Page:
Conservatism in Crisis
Reiland, Ralph R., Tribune-Review/Pittsburgh Tribune-Review
So, what happened to conservatism or to conservatism as it's been practiced by the current crop of D.C. Republicans?
Was too much spending the problem or not enough? Would more billions in pork for more bridges to nowhere have bought enough votes to prevent a Republican defeat? Are we that much for sale, that self-seeking and irrational?
Or was too much theocracy the problem -- or not enough? There's no shortage of rumblings from the religious right about how America's "values voters" weren't so enthusiastic this time around about getting the church buses rolling to the polls because the Republicans didn't much deliver on the faith-based agenda.
Darwin's still in the libraries, not every kid is in abstinence- only classes, the sodomy laws are gone, condoms and abortion are still legal, and not every transgendered Democrat has been signed up for one of those we'll-change-your-orientation camps.
Or were tax cuts the problem or not enough tax cuts? Would more tax cuts aimed 'at the bottom and middle have kept the Reagan- Democrats from going home?
Or was it the war or not enough war? Would Rick Santorum still have a job if Bush had nuked Baghdad?
Or wouldn't the "San Fransicko" strategy have worked its magic if only Rev. Haggard and Rep. Foley had stayed in the closet for a few more weeks?
Conservative pundit Ramesh Ponnuru, a senior editor at National Review magazine, doesn't deny that conservatism is in trouble. "Conservatism is in crisis," he writes in a recent cover article in National Review. "Everyone is saying so, and everyone is right. But the nature of the crisis, its causes and possible solution, is badly misunderstood."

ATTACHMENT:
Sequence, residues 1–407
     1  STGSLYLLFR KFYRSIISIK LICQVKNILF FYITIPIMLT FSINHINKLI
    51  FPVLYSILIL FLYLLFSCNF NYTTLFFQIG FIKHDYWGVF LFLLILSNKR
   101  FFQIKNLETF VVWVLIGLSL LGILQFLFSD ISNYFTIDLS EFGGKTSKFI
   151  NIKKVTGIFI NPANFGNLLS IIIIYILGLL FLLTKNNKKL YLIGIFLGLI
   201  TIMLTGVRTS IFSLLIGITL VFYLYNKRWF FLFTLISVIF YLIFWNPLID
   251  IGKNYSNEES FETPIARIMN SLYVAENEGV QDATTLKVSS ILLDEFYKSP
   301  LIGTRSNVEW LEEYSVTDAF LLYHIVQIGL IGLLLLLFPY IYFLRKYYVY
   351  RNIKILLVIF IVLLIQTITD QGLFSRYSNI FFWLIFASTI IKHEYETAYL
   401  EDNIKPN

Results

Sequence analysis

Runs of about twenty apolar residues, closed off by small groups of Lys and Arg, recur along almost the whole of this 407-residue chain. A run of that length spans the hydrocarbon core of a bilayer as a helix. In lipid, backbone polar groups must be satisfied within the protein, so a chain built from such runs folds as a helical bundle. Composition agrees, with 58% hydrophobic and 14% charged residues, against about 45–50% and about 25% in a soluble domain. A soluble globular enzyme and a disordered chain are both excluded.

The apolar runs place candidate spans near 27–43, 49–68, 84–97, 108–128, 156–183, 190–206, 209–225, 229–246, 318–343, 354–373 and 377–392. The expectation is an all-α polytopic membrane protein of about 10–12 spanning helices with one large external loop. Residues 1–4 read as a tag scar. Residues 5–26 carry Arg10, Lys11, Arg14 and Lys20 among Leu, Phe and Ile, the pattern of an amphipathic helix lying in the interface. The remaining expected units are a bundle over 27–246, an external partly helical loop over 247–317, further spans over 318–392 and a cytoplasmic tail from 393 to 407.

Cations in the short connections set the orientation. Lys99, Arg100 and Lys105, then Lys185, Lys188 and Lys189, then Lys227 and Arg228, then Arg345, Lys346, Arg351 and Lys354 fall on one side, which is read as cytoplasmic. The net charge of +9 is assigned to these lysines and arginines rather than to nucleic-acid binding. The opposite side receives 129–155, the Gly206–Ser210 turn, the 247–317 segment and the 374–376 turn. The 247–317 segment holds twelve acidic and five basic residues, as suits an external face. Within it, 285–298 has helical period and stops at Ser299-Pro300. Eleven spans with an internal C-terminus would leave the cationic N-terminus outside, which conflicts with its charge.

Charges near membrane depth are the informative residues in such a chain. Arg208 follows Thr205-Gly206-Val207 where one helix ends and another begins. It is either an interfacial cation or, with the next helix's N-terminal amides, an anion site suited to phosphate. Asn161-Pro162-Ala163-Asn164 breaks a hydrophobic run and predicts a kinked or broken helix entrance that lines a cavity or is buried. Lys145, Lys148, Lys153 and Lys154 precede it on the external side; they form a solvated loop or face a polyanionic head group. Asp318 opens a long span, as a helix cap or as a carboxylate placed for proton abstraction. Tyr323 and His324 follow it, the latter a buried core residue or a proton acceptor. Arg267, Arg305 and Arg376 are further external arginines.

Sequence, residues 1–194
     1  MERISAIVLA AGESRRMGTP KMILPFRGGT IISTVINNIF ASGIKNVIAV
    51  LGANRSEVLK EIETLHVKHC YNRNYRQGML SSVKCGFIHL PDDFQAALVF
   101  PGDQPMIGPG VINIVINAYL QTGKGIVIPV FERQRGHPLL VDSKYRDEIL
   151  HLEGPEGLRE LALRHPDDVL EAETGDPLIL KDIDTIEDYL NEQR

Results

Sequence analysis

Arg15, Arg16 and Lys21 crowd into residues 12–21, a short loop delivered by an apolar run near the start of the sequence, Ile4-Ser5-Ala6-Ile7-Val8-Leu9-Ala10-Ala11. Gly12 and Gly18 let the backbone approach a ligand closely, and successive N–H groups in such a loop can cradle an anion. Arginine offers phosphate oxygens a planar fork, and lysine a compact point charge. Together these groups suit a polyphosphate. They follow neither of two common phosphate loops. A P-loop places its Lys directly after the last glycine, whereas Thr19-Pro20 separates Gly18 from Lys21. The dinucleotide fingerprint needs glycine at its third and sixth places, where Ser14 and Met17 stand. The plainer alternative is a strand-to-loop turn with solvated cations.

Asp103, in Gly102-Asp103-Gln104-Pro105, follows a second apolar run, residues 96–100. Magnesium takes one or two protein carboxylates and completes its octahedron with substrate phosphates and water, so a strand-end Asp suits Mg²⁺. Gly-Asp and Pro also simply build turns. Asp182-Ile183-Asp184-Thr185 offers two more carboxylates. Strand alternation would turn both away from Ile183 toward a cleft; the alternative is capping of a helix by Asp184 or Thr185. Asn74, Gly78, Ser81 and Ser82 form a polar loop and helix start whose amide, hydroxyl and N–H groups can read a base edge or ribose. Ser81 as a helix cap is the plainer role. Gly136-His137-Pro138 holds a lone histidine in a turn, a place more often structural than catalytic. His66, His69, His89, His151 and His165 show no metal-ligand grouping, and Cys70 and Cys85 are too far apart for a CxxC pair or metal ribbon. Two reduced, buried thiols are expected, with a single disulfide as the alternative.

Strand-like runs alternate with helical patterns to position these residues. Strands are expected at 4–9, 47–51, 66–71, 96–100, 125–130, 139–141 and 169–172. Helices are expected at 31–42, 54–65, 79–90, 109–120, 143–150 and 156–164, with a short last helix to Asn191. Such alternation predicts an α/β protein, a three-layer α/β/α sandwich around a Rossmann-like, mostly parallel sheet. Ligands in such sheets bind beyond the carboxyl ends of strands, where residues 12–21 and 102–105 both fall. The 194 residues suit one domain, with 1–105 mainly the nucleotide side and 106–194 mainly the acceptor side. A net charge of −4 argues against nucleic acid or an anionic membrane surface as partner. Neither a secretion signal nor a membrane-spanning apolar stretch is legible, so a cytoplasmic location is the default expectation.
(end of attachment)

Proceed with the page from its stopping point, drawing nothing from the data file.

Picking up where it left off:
Rather than seeing conservatism as an ideology that's in trouble, Ponnuru asserts that it's the Bush administration's mismanagement that caused the Republican defeat -- Katrina, Iraq, the scandals.
He has a point. Perhaps more than a philosophical swing from conservatism, voters were looking at the nuts and bolts of Katrina, seeing bodies floating in a river for five days in a major American city and watching the same inept administration start a war through deceit and lose it through incompetence.
Voters, as well, had seen the scandals unfold, the subsequent cover-ups, the explosion of earmarks, the Abramoff payoffs, the hypocritical sanctimony of the Mark Foley types and the mocking politics of dissection that sought to win by carving up a nation into incongruent and antagonistic camps of believers and unbelievers, straights and gays, immigrants and native-borns, modernists and fundamentalists, patriots and wimps, pragmatists and true believers, givers and takers. …